Sometimes You Need More Than an Aspirin

Atrial fibrillation patients fared better against stroke risk with anti-clotting drug compared to aspirin

/ Author:  / Reviewed by: Joseph V. Madia, MD

(RxWiki News) According to a new report, an anti-clotting drug appears to be more effective at curbing stroke risk than aspirin in atrial fibrillation patients unable to take stronger drugs.

According to Hans-Christoph Diener, M.D., professor and chairman, Department of Neurology and Stroke Center, University Hospital Essen in Essen, Germany, the investigational oral drug apixaban was found superior to aspirin to the degree researchers were advised to end the trial early.

Apixaban blocks factor Xa, a crucial step in blood clot formation. (Atrial fibrillation or AF patients are at increased risk of ischemic stroke because the heart beats irregularly and thus, clots form much more readily. As many as half of all AF patients with moderate or high stroke risk factors are not suitable for the most effective anti-clotting treatment, warfarin.)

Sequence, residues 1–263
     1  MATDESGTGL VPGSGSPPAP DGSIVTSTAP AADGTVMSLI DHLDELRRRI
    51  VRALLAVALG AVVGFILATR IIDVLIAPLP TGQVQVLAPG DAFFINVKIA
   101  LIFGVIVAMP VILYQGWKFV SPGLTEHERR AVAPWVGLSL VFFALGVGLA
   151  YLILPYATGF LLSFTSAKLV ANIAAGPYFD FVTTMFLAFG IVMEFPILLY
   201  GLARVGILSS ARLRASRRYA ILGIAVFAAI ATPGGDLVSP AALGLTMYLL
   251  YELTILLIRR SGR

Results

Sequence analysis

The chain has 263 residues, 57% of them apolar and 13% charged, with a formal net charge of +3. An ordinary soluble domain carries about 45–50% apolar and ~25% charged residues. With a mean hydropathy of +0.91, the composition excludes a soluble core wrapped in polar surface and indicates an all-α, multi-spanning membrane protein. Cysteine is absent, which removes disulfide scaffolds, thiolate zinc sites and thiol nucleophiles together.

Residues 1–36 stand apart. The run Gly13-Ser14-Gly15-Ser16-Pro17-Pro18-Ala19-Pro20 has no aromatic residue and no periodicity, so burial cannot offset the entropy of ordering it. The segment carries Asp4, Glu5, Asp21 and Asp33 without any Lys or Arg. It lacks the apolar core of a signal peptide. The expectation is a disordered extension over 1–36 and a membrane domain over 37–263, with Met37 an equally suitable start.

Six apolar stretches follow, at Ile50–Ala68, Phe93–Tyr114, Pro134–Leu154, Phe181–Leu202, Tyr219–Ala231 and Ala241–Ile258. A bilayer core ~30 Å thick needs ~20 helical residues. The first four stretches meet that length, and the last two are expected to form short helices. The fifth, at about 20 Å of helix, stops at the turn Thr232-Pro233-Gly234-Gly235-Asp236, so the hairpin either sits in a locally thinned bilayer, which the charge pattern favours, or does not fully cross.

Risk of major bleeds compared to aspirin were not shown to occur, as expected, with apixaban.

Randomized participants received between 2.5 and 5 milligrams of apixaban twice a day or between 81 mg and 324 mg of aspirin per day. After 1.1 years of follow up, researchers found 51 strokes or systemic embolism events in 2,808 patients taking apixaban compared to 113 strokes and systemic embolic events in the 2,791 patients taking aspirin.

Those rates made for a total of 1.6 percent risk of stroke for apixaban compared to 3.6 percent risk for aspirin.

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Review Date: 
February 25, 2011
Last Updated:
February 28, 2011